NU-RAM, by Speicher GmBH
Up until I ran across Speicher (pronounched Shpy-kher), I was not aware that there were any silicon manufacturers in Germany. Started by a pair of former East German scientists with West German VC funding, Speicher staff hinted at a revolutionary breakthrough in RAM technology. Now, I’m still regularily confused by all the various new RAM acronyms, so I’ll try to relate as much information as I was able to glean from this Gerhardt Kraftig, a technical marketing manager at Speicher.
A few key features before I describe how this patent pending technology works. First, NU-RAM, based loosely around a VRAM core, promises to cost only one-third the price of traditional VRAM. This makes NU-RAM just about the least expensive graphics RAM technology on the market. Bandwidth is comparable with that of normal VRAM. The chip interface is close enough to that of VRAM that using NU-RAM should not require silicon changes for graphics chip companies. The only real downside is that NU-RAM is targeted only at video and game applications, and can’t be easily integrated into more general purpose applications, such as system RAM.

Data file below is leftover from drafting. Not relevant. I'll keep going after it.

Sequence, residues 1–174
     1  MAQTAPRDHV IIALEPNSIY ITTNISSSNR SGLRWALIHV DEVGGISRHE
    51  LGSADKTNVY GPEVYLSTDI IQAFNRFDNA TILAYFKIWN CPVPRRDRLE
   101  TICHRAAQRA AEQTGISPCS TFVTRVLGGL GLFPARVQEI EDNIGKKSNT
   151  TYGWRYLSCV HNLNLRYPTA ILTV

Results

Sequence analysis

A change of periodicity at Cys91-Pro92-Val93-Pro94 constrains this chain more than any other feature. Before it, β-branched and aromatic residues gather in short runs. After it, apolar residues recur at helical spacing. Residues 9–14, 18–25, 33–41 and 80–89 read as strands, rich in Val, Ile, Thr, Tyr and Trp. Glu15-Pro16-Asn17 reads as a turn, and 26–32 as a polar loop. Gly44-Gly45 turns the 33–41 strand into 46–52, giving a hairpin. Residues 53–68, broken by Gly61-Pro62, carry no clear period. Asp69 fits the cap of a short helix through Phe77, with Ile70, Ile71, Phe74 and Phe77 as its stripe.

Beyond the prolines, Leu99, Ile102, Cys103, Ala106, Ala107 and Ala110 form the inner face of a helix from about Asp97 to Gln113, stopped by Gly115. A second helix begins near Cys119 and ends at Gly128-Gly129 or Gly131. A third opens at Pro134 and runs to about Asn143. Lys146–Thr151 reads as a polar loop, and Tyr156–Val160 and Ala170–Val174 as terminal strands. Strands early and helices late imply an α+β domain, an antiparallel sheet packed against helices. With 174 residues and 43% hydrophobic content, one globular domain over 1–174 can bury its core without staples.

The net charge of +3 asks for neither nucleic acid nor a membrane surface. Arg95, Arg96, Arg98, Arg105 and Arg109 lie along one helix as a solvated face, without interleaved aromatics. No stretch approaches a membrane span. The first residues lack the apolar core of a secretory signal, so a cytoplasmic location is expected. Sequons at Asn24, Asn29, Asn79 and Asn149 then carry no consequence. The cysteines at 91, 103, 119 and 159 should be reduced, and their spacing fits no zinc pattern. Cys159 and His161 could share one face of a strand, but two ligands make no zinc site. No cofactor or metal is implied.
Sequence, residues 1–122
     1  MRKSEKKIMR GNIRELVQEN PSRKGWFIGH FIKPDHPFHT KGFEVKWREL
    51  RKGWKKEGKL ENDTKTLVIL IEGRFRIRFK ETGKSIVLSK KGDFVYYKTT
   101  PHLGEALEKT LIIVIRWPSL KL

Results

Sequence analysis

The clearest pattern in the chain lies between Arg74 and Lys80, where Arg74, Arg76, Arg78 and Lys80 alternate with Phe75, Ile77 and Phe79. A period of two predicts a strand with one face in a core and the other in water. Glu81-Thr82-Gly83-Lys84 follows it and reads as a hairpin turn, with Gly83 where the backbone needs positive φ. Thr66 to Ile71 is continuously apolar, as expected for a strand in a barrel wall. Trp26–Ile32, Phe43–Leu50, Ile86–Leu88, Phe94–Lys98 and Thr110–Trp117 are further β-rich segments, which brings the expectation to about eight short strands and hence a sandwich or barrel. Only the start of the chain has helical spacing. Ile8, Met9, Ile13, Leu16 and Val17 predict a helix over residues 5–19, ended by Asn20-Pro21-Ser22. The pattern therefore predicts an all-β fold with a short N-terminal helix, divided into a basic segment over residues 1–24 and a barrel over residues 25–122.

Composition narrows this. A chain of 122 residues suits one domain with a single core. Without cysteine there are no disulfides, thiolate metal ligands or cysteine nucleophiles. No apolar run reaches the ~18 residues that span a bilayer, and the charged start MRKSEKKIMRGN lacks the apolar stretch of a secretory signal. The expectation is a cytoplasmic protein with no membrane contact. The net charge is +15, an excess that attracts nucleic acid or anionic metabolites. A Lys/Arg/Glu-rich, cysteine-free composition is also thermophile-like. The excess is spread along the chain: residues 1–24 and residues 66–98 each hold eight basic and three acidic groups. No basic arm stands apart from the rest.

NU-RAM stands for Neural (as in Network) RAM. The really neat thing about NU-RAM is that it uses a new form of fuzzy logic, blended with something akin to the branch prediction techology of the Pentium and P6 processors to predict graphical information as it’s being shifted out to the display, in order to come up with a visually accurate display. The prediction technology works by using internal pattern storage to build probability tables of how surrounding pixels relate to an interior pixel value, based on the complete data passed in by the controller. Such data is perpetually being sampled in order to refine the probability tables. Where the cost savings comes in is that NU-RAM really only has one-quarter the amount of RAM a traditional RAM architecture needs, with the missing RAM emulated via the fuzzy logic generated probability tables.